by Anne Laing and Tim Bean

Meals throughout the day

A body fit for business needs a steady blood-sugar balance. If you are constantly looking for snack foods, you are not eating enough meals.

Take your own meals and healthy snacks to work instead of relying on vending machines, cafeteria food or takeaways. Set up and follow a regime of eating small, properly balanced meals every two to three hours, not intermittent shots of refined sugar and processed carbohydrates that spike, and then crash, your energy! If your work situation doesn’t permit a number of small meals throughout the day, at least allow time for lunch – refuelling is vital!


A little of the wrong food on a regular basis can severely hamper your efforts to reach your goal weight.

  • Processed and packaged foods are called ‘anti-nutrients’ for good reason. They literally attack your stores of nutrients and change your health for the worse. Studies have also found that people become depressed more quickly by eating processed foods.
  • Of all the foods consumed today, refined sugar is one of the most harmful – and it is hidden everywhere. Check labels for ingredients ending in ‘-ose’, the suffix for sugars, and don’t eat if an ‘-ose’ appears in the first three ingredients!
  • A person who eats a diet of refined foods holds approximately eight undigested meals of food and waste in their intestines. A person who eats a high-fibre diet holds approximately three undigested meals.
  • Don’t go for diet or ‘lo-fat’ counter salads and pre-packed lunch meals unless they contain less than five grams of fat in total for the complete meal. Coleslaw, Greek, Nicoise, and potato, pasta or rice salads are the worst culprits for hiding oils and fats.
  • Many vegetarian foods, such as quiches, are very high in cheese, fats and oils.
  • Avoid fatty, high-carb foods. Keep them out of sight. The closer they are, the more likely you are to eat them.
  • Fried foods require a great deal of the body’s energy for digestion, and this diverts blood and oxygen flow away from the brain.
  • Don’t be tempted by the croissants, canapés, biscuits, cakes and savouries served in meetings: they pack a whopping calorie punch. Yeast and wheat are a problem: they make you crave more and create carbonic gas, which produces puffiness, saggy skin and acne.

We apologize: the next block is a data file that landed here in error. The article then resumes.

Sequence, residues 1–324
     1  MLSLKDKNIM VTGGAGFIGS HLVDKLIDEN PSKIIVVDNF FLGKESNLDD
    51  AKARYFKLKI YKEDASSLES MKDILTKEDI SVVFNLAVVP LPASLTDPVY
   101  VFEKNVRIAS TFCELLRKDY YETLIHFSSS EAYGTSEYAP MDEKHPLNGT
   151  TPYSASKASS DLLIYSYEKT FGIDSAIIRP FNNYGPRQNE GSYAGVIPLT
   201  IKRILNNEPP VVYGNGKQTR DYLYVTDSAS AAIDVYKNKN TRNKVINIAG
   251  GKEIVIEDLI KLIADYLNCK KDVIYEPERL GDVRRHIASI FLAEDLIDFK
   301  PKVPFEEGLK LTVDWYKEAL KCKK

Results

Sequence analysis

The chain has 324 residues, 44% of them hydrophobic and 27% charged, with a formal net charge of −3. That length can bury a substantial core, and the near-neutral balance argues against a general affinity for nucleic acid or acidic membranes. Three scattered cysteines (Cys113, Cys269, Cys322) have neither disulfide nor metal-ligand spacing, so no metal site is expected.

• Stay away from the office birthday treats – it’s not a special occasion when every day there’s always someone having a celebration!

At home

  • Little snacks that people mindlessly eat while watching TV, reading or with a cup of coffee can easily add up to a day’s worth of calories and fat... without providing a day’s worth of nutrition!
  • Don’t eat your largest meal at night; this over-stimulates the digestive system and releases hundreds of calories into the bloodstream that you won’t have time to work off.
  • Avoid taking an alcoholic or caffeinated nightcap: it will just pep you up and throw off your sleep.

Eating out

  • If possible, reserve dining out for special occasions, such as a birthday or an anniversary. If you’re dining out late, be sure to eat a light and balanced meal at home before you go. This will remove the urge to overeat from hunger or be less than careful with your choices.
  • At a restaurant, ask the server not to provide a bread basket or dinner rolls when you order. Deleting the bread means you won’t be needing the butter, which removes a huge temptation and source of extra calories.

Towards good eating habits

We are becoming pharmaceuticalised. We are being made to think good food is somehow alternative! That’s because good health doesn’t make money for pharmaceutical companies.

It is a myth that eating performance food is sacrificing pleasure. You actually get the most mojo – the greatest get-up-and-go – from eating slow-releasing foods, such as lean proteins, fresh fruit and lots of vegetables.

  • Always design your meal from a coloured vegetable base, then add lean protein. You can’t go wrong that way – the beauty of having lots of coloured vegetables in the diet is that they are low in calories and high in fibre, which is not only great for weight-loss but good health also. Also, save up to 100 calories by reducing your serving size or leaving a few mouthfuls from each meal.
  • Don’t dismiss frozen fruit and vegetables. They are still nutritious. Buying your fruit and vegetables in this way also means you have plenty to hand and don’t always need to stock up with fresh produce every few days.
  • Boost brain power with vegetables (carrot, courgette, broccoli or cucumber) or fruit (melons, grapes, apples or bananas).
  • Low-fat mini pretzels are also intelligent options, as are low-fat soups, wraps, salads and sashimi (without adding rice).
  • Try vegetable juice, only 30 to 35 calories per 6oz glass.
  • If you feel lethargic or peckish between meals, try a protein snack. Protein contains tyrosine, which is converted into the alertness neurotransmitter, dopamine. A whey protein shake provides 20 to 30 grams of protein. A hardboiled egg is a protein-rich snack, as is a cooked chicken breast. Avoid protein bars: most are only glorified confectionary bars.

Because we need to slowly change taste habits for life, it can be a good idea to find a good ‘quick and easy’ low-fat, low-sugar cook book and try out a few recipes for something a little different. It’s an effective way of exposing you to an ever-increasing variety of foods and food preparations. Most recipes can be changed to leave out the extra butter, cheese and oil without affecting the end product too much. In some cases, it’s possible to substitute one high-fat ingredient for another that is lower in fat – crème fraiche instead of double cream, for example.


Beware of saboteurs and weight-loss foes! These are people who don’t like to see you change, as they feel threatened by it. Do not accept their perception of you.